She even painted a picture during one song, and gave it away to the first crowd member who was able to prove it was his birthday.

She threw us some covers, some nods to her style, in the form of The Jackson 5’s “I Want You Back”, and a medley of a couple of James Bond tunes: “You Only Live Twice” and “Goldfinger”. The final song of the night was a version of the hit song by Fun she sang on, “We Are Young“.

This show made me very happy. Monae has such boundless talent, vision, energy, and enthusiasm that it makes me weak in the knees.

Do not doubt this woman. Photo by TonyFelgueiras used via Creative Commons license.


dEUS at Manning Bar

11 May 2012

Three and a half years ago in London I saw Belgian rock band dEUS play live.

I saw dEUS again last night at University of Sydney student pub the Manning Bar. The show was pretty similar to my thoughts from before. They’re essentially a guitar band, especially live. Songs like “The Architect” and “Theme From Turnpike”, where they use deeper guitar grooves, remain my favourites.

If anything, they showed even more energy last night. Certainly the sound was much better last night than it had been at Koko.

A few of their straightforward, slow rockers in the middle were a bit generic. But they started well and finished well. Overall it was a very fun show. It was also amusing to be amongst so much spoken French and Flemish.

Listen to “Ghost”, from their new album, below, or to the whole album here.


dEUS. Photo by anke meijer via Creative Commons lilcense

Special note needs to be made of opening act The Paradise Motel who were all kinds of shit. They played at being grim and literary: they’re no Nick Cave. They played at stark atonal melancholia and punctuated shrieking: they’re no Einstürzende Neubauten. They tried too hard, did not connect with the crowd, and were awful.


Choral Contrasts: the Poulenc Gloria and Mozart’s Requiem at the Sydney Opera House

5 May 2012

I gave my gig-going a shot of class last night with a classical performance at the Sydney Opera House.

It was the second of three nights called Choral Contrasts. The performance was in two parts: first was French composer Francis Poulenc’s mid-20th century Gloria, and the second was Mozart’s famous (and controversial) Requiemin the traditional Süssmayr completion (Mozart dies whilst writing the Requiem).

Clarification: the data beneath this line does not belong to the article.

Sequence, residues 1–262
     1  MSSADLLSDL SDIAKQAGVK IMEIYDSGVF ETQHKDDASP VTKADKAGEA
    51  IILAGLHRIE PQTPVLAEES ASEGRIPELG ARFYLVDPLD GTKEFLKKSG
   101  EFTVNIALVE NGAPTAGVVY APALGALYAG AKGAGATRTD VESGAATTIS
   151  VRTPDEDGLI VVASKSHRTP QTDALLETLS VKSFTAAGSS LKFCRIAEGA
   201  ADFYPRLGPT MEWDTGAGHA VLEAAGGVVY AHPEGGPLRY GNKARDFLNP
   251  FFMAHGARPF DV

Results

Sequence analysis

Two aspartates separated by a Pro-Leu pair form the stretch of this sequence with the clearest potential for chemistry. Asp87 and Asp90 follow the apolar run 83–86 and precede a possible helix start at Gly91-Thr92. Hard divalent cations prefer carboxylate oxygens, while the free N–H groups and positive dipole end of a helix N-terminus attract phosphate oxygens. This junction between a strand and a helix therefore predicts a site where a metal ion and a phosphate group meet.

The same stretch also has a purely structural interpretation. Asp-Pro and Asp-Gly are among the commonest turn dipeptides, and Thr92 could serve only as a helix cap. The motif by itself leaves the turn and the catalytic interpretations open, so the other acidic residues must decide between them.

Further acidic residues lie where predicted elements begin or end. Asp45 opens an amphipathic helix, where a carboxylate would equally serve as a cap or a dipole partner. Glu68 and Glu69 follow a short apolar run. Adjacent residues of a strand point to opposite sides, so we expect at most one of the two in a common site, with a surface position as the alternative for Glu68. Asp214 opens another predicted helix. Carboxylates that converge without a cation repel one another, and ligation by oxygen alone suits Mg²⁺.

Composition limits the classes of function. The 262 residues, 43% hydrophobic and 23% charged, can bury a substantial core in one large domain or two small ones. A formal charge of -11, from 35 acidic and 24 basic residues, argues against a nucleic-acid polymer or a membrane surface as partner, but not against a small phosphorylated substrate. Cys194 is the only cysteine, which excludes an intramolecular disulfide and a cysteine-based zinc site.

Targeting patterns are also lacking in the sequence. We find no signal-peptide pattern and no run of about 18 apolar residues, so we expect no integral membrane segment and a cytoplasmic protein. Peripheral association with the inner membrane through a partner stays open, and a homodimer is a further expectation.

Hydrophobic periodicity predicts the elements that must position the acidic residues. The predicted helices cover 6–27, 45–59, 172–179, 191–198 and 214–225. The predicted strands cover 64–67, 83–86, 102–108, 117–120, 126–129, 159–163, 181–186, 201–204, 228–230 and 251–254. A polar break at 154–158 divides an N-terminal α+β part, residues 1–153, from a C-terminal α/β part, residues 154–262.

Both pieces were performed by the Sydney Symphony and the Sydney Philharmonia Choir, with David Zinman conducting.

It was all pretty magical. Both works have religious bases but they really couldn’t be more different. Poulenc’s Gloria is a joyful, celebratory ode of praise, while Requiem is a solemn goodbye to earthly life. Each piece was deeply touching. You really can’t go past Mozart, though, for being mind-blowing, even if someone else finished it for him.

Both works also obviously share choirs as major elements. I like choirs: the human element adds emotion and connection, even when the lyrics are in Latin. And the Philharmonia is larger than I’d expected. I liked the guest soloists the least. They were very good singers, for sure, but the symphony and the choir were what I wanted to hear, and were enough for me. The skill and co-ordination required for so many musicians to perform together so well still amazes me.

They were very touching, very emotional performances.


Cannoli Oak Beard*

21 April 2012

*Or, how I had an awesome Friday and I love my brother.

Yesterday was a non-stop smorgasbord of fun.

One of my colleagues brought in a box full of Pasticceria Papa‘s famous cannoli. They are seriously, heart-stoppingly wonderful.

After the workday finished there was a workplace financial year kickoff celebration at The Oaks. We were in one of the upstairs rooms, and I didn’t stay too long, but it was a good laugh.